|Day & Time
119 MILSTEIN CEN
What is the relationship between religion and human rights? How have different religious traditions conceived of “the human” as a being worthy of inherent dignity and respect, particularly in moments of political, military, economic, and ecological crisis? How and why have modern regimes of human rights privileged some of these ideas and marginalized others? What can these complicated relationships between religion and human rights explain some of the key crises in human rights law and politics today, and what avenues can be charted for moving forward? In this class, we will attempt to answer these questions by first developing a theoretical understanding of some of the key debates about the origins, trajectories, and legacies of modern human rights’ religious entanglements. We will then move on to examine various examples of ideas about and institutions for protecting “humanity” from different regions and histories. Specifically, we will examine how different societies, organizations, and religious traditions have addressed questions of war and violence; freedom of belief and expression; gender and sexual orientation; economic inequality; ecology; and the appropriate ways to punish and remember wrongdoing. In doing so, we will develop a repertoire of theoretical and empirical tools that can help us address both specific crises of human rights in various contexts, as well as the general crisis of faith and and observance of human rights as a universal norm and aspiration for peoples everywhere.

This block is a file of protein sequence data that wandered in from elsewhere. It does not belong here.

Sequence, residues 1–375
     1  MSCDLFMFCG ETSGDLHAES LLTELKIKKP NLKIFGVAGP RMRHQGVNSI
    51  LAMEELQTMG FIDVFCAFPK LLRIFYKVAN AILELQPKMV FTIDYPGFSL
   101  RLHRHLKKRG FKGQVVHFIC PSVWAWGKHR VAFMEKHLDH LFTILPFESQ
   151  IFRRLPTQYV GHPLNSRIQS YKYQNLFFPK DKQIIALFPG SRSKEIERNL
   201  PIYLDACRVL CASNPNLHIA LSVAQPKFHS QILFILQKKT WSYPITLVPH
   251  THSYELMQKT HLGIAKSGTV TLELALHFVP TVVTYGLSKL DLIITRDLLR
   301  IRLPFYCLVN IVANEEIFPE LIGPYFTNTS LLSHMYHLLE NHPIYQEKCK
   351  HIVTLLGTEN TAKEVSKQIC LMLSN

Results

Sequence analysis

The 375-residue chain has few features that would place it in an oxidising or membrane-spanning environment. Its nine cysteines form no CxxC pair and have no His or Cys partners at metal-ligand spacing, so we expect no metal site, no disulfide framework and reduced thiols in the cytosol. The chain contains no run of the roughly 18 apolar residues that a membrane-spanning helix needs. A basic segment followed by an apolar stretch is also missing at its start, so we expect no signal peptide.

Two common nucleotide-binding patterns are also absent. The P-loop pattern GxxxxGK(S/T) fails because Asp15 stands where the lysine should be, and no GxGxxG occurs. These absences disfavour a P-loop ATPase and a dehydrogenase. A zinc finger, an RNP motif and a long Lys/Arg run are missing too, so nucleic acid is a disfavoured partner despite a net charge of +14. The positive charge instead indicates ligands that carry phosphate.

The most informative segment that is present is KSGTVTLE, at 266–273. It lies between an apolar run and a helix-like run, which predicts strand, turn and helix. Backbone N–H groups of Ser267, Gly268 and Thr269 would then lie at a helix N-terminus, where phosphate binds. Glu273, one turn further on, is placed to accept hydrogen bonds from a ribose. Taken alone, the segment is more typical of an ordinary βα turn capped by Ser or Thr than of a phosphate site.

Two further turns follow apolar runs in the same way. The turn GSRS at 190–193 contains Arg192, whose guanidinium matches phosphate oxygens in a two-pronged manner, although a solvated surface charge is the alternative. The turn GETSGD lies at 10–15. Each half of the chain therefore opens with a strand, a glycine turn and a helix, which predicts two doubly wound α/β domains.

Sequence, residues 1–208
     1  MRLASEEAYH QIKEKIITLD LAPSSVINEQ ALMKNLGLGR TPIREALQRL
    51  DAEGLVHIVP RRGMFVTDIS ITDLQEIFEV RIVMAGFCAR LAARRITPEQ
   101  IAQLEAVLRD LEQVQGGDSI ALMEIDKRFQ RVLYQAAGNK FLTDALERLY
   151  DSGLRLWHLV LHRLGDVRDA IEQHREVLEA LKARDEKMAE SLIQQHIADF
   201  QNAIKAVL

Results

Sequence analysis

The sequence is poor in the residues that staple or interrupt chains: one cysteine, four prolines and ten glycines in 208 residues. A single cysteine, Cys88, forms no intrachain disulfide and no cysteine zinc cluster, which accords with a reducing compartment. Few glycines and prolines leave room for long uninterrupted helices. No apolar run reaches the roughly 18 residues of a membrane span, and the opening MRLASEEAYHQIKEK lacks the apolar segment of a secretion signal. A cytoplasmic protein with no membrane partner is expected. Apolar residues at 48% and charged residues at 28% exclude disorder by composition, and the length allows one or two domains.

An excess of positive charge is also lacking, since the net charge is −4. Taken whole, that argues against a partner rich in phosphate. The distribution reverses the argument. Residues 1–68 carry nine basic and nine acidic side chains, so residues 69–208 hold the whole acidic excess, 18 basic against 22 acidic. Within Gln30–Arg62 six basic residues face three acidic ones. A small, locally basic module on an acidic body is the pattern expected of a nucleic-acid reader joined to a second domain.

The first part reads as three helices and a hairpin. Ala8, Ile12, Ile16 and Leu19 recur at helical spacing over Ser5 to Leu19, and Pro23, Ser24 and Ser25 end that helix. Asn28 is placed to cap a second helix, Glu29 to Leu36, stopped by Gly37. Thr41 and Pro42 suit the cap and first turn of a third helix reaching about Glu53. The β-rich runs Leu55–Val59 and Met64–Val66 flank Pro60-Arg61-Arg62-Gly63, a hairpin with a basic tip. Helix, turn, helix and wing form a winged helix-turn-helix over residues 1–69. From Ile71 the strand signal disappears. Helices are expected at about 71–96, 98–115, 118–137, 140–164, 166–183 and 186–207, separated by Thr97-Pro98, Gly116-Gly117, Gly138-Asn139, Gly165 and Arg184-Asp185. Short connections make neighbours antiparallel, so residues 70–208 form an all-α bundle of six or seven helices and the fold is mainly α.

|Enrollment||14 students (15 max) as of 5:05PM Saturday, September 23, 2023|